Waylon had surgery yesterday for what is commonly known as a “tongue tie” or ankyloglossia. It was something he was born with but had remained undetected until he was over a year old. We chose to have the surgery now because we were told that a) it’s no big deal and b) he is young enough that he won’t remember it later.
The thing about surgery being “no big deal” is that it’s always a big deal when it’s your toddler-baby being gassed and butchered by a meaty handed surgeon wearing crocs. It’s also really inconvenient.
For example: we left the house at 8am only to end up waiting until noon for surgery to actually begin. This meant four whole hours of distracting a whiny toddler who hadn’t eaten or drank since we stuffed him full of pasta the night before. Apparently operating rooms are always running behind. Who knew? (Austin) (I didn’t believe him).
The nurses were helpful. They brought out bubbles and coloring books and puzzles to help pass the time. Waylon was excited about BUBBLES because toddlers love BUBBLES like hipsters love juicing. At one point the entire room stood around to watch Austin blow bubbles while his son had mini panic attacks trying to destroy them. It was exhausting.
Nurse: “He’s never going to wake up after he goes to sleep!”
Me: THIS IS MY NIGHTMARE, WOMAN
Three bubble containers later, the docs came in and ordered pre-meds which is just a fancy way of saying they were going to make my kid drunk enough to carry away without him slitting their throats. It only took one tiny syringe of pink goo and Waylon turned into a college girl at her first party. Silly, slurry, and incredibly clingy. When he finally collapsed into my lap, he just sat staring straight ahead with a quiet grin on his face.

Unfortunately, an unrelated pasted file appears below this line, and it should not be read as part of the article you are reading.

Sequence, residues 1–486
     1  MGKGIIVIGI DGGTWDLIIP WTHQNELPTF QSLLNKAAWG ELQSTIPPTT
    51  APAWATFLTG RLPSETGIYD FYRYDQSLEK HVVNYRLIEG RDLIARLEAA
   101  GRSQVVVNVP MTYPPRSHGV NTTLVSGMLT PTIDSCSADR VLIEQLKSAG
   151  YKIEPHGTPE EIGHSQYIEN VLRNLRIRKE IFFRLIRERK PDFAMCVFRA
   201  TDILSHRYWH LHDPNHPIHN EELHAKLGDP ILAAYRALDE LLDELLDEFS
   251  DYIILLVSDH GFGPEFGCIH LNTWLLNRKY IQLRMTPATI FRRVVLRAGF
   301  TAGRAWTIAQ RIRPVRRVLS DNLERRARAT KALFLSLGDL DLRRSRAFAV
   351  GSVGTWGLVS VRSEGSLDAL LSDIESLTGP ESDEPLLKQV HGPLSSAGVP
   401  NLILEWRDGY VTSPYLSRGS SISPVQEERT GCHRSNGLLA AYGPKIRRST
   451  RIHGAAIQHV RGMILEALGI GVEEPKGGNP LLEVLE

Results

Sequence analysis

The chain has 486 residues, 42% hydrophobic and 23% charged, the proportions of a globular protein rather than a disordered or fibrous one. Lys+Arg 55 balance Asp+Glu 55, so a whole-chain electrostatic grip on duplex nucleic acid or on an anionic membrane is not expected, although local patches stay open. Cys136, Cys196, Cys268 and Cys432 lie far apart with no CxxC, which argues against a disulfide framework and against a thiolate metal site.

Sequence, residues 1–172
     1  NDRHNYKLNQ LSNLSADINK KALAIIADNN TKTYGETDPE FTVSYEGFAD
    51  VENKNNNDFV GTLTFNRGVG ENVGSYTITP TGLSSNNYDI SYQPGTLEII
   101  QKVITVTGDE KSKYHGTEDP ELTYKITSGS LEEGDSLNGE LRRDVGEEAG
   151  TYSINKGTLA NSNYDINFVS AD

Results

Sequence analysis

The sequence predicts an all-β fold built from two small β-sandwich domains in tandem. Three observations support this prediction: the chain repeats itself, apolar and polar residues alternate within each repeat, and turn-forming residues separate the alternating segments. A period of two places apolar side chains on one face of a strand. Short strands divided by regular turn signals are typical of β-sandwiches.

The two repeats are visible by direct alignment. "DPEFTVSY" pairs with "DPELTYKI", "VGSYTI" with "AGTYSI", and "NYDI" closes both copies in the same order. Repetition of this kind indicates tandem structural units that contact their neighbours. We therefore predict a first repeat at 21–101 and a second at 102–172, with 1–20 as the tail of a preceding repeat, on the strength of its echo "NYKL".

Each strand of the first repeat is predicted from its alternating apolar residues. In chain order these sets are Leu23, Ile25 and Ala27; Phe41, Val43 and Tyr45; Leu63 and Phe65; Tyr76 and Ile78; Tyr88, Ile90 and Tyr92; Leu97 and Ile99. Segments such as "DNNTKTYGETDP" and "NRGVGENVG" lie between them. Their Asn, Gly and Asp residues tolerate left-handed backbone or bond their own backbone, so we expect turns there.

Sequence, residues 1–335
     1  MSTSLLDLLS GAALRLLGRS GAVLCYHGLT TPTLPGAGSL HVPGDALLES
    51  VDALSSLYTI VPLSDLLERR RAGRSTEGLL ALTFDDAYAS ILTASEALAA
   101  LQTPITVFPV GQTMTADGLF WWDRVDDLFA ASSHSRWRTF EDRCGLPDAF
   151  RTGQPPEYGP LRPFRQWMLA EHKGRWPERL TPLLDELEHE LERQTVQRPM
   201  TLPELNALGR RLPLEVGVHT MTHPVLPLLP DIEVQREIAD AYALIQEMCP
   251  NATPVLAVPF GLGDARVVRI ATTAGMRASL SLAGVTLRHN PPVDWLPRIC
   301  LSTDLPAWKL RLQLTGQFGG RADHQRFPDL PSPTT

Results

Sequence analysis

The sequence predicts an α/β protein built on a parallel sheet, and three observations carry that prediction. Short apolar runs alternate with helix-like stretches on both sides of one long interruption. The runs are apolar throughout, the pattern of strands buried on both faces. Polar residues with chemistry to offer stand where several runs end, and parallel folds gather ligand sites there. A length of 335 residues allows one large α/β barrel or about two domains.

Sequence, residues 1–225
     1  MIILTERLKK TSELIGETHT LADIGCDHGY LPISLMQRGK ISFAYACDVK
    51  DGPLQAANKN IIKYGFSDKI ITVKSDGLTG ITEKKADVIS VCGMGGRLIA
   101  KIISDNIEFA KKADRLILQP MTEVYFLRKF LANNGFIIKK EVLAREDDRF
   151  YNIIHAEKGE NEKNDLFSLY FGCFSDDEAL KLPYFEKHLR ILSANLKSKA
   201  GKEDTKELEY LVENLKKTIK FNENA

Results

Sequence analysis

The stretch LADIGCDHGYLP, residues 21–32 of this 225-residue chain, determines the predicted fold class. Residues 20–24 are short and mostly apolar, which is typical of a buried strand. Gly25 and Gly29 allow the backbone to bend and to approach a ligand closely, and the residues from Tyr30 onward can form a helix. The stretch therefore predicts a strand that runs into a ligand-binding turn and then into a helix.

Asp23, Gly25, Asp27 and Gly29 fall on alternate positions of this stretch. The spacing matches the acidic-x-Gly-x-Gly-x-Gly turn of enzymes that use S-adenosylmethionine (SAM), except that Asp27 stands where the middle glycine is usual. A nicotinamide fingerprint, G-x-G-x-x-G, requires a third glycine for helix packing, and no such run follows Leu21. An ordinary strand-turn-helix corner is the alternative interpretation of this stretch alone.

Austin: Look at him! He’s so cute.
Me: THIS IS THE LAST TIME I’LL EVER HOLD HIM!!!
Everyone says this about kids and surgery and it’s true: the moment you hand over your child to the doctor is the worst. My heart sank and my instincts told me to just take the drunk boy and run. It wasn’t the actual procedure that scared me, but the anesthesia. My mind raced to all the stories I’d read about allergic reactions and unexplained complications. The doctor said, “We’ll take good care of him,” but I could only smell his head and cry. It was hard.
And then we got cafeteria sushi and a frappuccino!
It was over in less than an hour. They found us in the waiting room.
Doctor: “Well, it’s over…”
Me: WHAT IS OVER? WHAT ARE YOU SAYING? WHY ARE YOU MAKING A FACE?
We heard him before we saw him, held down by two nurses and screaming like a bobcat. They had warned us that some kids wake up very unhappy, but I’d survived colic so I wasn’t worried. Unfortunately bloody kids screaming in pain and hospital smells are two of my vasovagal triggers (fainting) so I had to leave the room to sit on the toilet and practice breathing. When I returned to the recovery room, Waylon was still writhing and screaming and Austin was still flustered and sweating.
All in all, it wasn’t great.
When we finally brought him home, our little survivor collapsed, slept for three hours, and then woke up to pudding cups and special sorry-we-cut-your-tongue bath crayons. He was pleased.
It was a long day, but we are glad our tongue troubles are behind us. Waylon is fine and we are fine. Everyone is just fine. Nobody died or lost control of their bowels or shouted at any innocent medical staff. I didn’t call Austin a jagweed when he mentioned I could maybe relax and he didn’t flinch when the nurses told him things he already knew.
If I have any advice about kids and surgery, it’s this: Xanax. Next time, definitely Xanax. And maybe a shot of whiskey. My mama heart is simply too fragile.